Stocks Edge Higher, Led by Gains in Technology

(AP) —
Mathias Roberts, right, reaches out to a fellow trader on the floor of the New York Stock Exchange on Tuesday. (AP Photo/Richard Drew)
Mathias Roberts, right, reaches out to a fellow trader on the floor of the New York Stock Exchange on Tuesday. (AP Photo/Richard Drew)

U.S. stocks were mostly higher in midday trading Tuesday, with health-care and technology companies among the biggest gainers. Another slide in crude-oil prices pulled down energy stocks. Investors also had their eye on corporate earnings, which are just starting to trickle out.

KEEPING SCORE: The Dow Jones Industrial Average lost one point to 16,397 as of 12:20 p.m. Eastern Time. The Standard & Poor’s 500 index rose one point to 1,924. The Nasdaq composite climbed 16 points, or 0.4 percent, to 4,654. The Nasdaq, which is heavily weighted with technology stocks, has fallen for the past eight trading days.

THE QUOTE: “You’re seeing very oversold conditions,” said Phil Blancato, CEO of Ladenburg Thalmann Asset Management. “People here are basically buying the dip.”

ROUGH START: Deepening fears about a protracted slowdown in China’s economy coupled with worries about Beijing’s ability to manage its financial markets have kept investors on edge after sharp losses last week. A steep downturn in crude-oil prices has also weighed on the market. The three major U.S. stock indexes are all down for the year, with the Dow and S&P 500 index off about 5 percent, while the Nasdaq is down 6 percent.

SECTOR VIEW: Six of the 10 sectors in the S&P 500 index moved lower, with energy stocks down the most. Health-care stocks notched the biggest gain.

HEALTHY GAINS: Health-insurance companies were among the biggest gainers in the S&P 500 index. Anthem rose $6.45, or 5 percent, to $134.81, while Aetna added $3.55, or 3.4 percent, to $108.62.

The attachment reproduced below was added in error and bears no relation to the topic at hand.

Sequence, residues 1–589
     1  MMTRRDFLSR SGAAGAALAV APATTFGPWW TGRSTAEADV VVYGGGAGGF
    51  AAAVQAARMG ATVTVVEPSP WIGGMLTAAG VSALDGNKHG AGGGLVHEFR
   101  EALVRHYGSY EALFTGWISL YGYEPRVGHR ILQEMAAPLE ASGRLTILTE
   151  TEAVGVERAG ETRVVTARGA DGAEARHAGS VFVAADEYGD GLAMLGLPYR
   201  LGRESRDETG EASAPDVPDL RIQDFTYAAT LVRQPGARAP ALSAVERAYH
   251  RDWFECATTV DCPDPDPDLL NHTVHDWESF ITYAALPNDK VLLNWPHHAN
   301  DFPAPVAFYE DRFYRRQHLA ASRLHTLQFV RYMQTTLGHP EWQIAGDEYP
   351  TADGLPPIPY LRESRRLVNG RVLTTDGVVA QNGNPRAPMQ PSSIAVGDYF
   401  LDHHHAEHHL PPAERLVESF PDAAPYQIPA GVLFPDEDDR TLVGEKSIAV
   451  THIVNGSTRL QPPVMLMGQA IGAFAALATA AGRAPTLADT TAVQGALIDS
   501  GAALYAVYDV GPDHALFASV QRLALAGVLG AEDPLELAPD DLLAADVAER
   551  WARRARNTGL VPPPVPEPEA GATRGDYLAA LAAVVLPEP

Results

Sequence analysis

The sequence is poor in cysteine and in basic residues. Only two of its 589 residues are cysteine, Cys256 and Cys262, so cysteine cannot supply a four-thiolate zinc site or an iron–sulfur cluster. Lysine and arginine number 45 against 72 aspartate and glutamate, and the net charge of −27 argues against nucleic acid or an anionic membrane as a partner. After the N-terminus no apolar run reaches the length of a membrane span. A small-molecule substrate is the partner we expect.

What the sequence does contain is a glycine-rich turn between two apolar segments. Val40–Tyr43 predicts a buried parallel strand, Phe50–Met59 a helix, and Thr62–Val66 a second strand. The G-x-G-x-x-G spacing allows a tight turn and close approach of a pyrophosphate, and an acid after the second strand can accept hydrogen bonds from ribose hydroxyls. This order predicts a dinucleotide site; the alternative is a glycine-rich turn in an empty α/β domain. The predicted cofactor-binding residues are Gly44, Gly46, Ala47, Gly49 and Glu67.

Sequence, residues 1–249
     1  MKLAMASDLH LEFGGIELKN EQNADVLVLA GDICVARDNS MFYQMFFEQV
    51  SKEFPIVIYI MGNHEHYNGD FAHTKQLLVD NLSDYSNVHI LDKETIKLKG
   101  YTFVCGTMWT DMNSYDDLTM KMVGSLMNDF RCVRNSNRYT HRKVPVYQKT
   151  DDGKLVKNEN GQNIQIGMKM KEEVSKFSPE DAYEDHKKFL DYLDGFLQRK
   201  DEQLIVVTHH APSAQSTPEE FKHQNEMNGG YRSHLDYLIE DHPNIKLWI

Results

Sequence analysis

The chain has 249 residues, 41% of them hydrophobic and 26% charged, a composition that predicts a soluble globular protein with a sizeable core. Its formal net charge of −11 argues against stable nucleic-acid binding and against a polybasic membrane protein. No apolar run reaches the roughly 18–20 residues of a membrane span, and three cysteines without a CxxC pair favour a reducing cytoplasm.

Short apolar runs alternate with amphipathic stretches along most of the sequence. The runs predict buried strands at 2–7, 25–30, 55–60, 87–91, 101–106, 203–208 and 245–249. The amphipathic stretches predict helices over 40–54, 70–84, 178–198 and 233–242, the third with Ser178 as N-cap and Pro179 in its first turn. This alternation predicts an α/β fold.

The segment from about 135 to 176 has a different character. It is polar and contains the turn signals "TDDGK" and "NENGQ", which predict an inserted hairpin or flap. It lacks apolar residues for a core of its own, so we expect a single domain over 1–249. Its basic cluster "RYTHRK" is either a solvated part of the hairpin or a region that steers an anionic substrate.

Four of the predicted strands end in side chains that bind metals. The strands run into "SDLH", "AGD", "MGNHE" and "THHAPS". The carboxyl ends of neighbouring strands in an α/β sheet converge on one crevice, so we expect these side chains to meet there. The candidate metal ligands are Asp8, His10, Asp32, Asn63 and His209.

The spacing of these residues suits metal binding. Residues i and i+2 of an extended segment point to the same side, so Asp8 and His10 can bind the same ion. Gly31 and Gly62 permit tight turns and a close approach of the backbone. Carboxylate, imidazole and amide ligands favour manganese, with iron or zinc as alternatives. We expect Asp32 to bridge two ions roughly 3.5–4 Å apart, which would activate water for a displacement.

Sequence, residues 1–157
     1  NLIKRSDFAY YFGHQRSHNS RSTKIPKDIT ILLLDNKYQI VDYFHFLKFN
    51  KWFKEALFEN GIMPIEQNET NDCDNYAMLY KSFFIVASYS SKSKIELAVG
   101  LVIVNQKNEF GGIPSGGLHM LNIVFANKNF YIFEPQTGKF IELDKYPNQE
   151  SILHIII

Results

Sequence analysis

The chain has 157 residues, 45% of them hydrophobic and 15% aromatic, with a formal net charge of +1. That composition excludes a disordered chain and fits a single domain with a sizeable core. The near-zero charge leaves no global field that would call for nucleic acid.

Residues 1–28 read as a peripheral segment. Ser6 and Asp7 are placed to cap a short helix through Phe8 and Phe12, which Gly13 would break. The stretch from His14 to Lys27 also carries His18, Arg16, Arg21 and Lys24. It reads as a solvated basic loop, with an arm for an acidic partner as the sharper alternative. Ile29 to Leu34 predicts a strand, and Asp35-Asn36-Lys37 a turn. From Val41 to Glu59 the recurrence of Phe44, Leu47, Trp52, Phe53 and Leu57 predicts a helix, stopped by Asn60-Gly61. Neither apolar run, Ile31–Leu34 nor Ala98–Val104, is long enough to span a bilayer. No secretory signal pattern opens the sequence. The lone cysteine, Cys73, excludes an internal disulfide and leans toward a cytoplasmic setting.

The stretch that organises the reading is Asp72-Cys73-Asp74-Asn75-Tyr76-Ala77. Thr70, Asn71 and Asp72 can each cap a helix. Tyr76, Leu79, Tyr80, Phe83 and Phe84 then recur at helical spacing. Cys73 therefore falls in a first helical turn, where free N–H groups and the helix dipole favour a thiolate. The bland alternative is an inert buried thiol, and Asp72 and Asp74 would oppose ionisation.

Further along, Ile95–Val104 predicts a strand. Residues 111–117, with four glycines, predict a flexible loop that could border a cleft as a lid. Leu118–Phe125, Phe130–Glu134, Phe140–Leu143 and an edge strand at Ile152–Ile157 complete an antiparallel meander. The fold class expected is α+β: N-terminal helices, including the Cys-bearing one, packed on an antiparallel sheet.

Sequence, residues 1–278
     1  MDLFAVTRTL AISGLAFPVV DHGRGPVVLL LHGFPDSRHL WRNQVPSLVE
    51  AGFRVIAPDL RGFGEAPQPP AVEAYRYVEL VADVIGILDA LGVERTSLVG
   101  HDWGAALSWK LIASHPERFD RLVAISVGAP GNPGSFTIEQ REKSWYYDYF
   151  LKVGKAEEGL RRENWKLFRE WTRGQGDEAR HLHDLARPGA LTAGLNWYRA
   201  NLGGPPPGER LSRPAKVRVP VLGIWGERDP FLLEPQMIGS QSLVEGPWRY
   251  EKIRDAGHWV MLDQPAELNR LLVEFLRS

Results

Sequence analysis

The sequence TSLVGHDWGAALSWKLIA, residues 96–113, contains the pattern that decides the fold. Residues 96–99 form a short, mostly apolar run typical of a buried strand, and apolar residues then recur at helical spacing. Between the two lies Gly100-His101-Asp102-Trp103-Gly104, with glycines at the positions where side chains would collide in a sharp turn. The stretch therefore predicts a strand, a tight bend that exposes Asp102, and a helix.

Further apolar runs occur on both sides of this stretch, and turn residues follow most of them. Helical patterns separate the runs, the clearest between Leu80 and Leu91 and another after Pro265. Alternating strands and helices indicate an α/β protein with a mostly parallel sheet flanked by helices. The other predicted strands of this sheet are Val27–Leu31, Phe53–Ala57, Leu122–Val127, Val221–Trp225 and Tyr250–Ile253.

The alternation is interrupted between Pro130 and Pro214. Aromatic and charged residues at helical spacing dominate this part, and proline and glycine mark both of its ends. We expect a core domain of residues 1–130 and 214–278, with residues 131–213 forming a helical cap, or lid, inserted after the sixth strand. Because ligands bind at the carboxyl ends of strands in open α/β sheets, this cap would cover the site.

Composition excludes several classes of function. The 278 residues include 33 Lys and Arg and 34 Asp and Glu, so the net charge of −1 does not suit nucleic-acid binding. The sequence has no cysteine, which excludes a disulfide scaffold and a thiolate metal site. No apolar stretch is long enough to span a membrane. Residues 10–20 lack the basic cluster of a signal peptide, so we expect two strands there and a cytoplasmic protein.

HOLIDAY BOOST: Lululemon Athletica vaulted 6.9 percent after the athletic-clothing retailer raised its earnings guidance citing strong sales during the year-end shopping season. The stock rose $3.81 to $58.54.

NOT GOOD ENOUGH: Alcoa sank 9.1 percent after the aluminum manufacturer’s latest quarterly results included revenue that fell short of Wall Street’s expectations. The stock dropped 72 cents to $7.28.

OIL DRAG: Energy and mining companies were trading lower as oil prices continued to decline. Freeport-McMoRan lost 49 cents, or 11.4 percent, to $3.82. Consol Energy shed $2.03, or 10.9 percent, to $16.66. Chesapeake Energy fell 30 cents, or 7.3 percent, to $3.87.

OVERSEAS: European markets moved higher. Germany’s DAX was up 2 percent, while the CAC-40 in France rose 1.9 percent. The FTSE 100 index of leading British shares was up 1.2 percent. In Asia, China’s Shanghai composite closed 0.2 percent higher, recovering some of its losses from the day before. Japan’s Nikkei 225 fell 2.7 percent. Hong Kong’s Hang Seng shed 0.9 percent, while South Korea’s Kospi dropped 0.2 percent.

YUAN MOVES: China’s tightly controlled onshore currency, which was the source of last week’s market turmoil after authorities guided it sharply lower, was little-changed. However, interbank rates spiked for the offshore yuan, which is freely traded in Hong Kong, leading many to believe China’s central bank is intervening in the market in order to foil speculators trying to drive it lower.

ENERGY: A day after slumping 5.3 percent, the price of U.S. crude oil slipped another $1.15, or 3.7 percent, to $30.26 a barrel in New York. Brent crude, a benchmark for international oils, fell $1, or 3.1 percent, to $30.88 a barrel in London.

BONDS AND CURRENCIES: Bond prices rose. The yield on the 10-year Treasury note fell to 2.12 percent from 2.17 percent late Monday. The euro fell to $1.0825 from $1.0871 a day earlier and the dollar rose to 117.78 yen from 117.53 yen.

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